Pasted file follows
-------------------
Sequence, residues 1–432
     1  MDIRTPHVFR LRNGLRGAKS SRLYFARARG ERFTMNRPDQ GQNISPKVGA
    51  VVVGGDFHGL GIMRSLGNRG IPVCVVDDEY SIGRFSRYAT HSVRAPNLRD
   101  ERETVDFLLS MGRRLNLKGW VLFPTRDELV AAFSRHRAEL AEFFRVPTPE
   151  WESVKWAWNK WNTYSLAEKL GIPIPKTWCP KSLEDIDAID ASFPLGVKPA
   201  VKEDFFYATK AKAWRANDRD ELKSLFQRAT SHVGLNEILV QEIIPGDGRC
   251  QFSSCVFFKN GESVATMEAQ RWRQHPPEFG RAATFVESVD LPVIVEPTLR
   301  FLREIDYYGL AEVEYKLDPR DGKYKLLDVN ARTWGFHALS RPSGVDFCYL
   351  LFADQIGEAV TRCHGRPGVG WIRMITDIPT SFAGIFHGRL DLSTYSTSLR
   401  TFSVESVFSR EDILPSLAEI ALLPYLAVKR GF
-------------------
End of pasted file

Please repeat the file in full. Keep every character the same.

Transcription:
Sequence, residues 1–432
     1  MDIRTPHVFR LRNGLRGAKS SRLYFARARG ERFTMNRPDQ GQNISPKVGA
    51  VVVGGDFHGL GIMRSLGNRG IPVCVVDDEY SIGRFSRYAT HSVRAPNLRD
   101  ERETVDFLLS MGRRLNLKGW VLFPTRDELV AAFSRHRAEL AEFFRVPTPE
   151  WESVKWAWNK WNTYSLAEKL GIPIPKTWCP KSLEDIDAID ASFPLGVKPA
   201  VKEDFFYATK AKAWRANDRD ELKSLFQRAT SHVGLNEILV QEIIPGDGRC
   251  QFSSCVFFKN GESVATMEAQ RWRQHPPEFG RAATFVESVD LPVIVEPTLR
   301  FLREIDYYGL AEVEYKLDPR DGKYKLLDVN ARTWGFHALS RPSGVDFCYL
   351  LFADQIGEAV TRCHGRPGVG WIRMITDIPT SFAGIFHGRL DLSTYSTSLR
   401  TFSVESVFSR EDILPSLAEI ALLPYLAVKR GF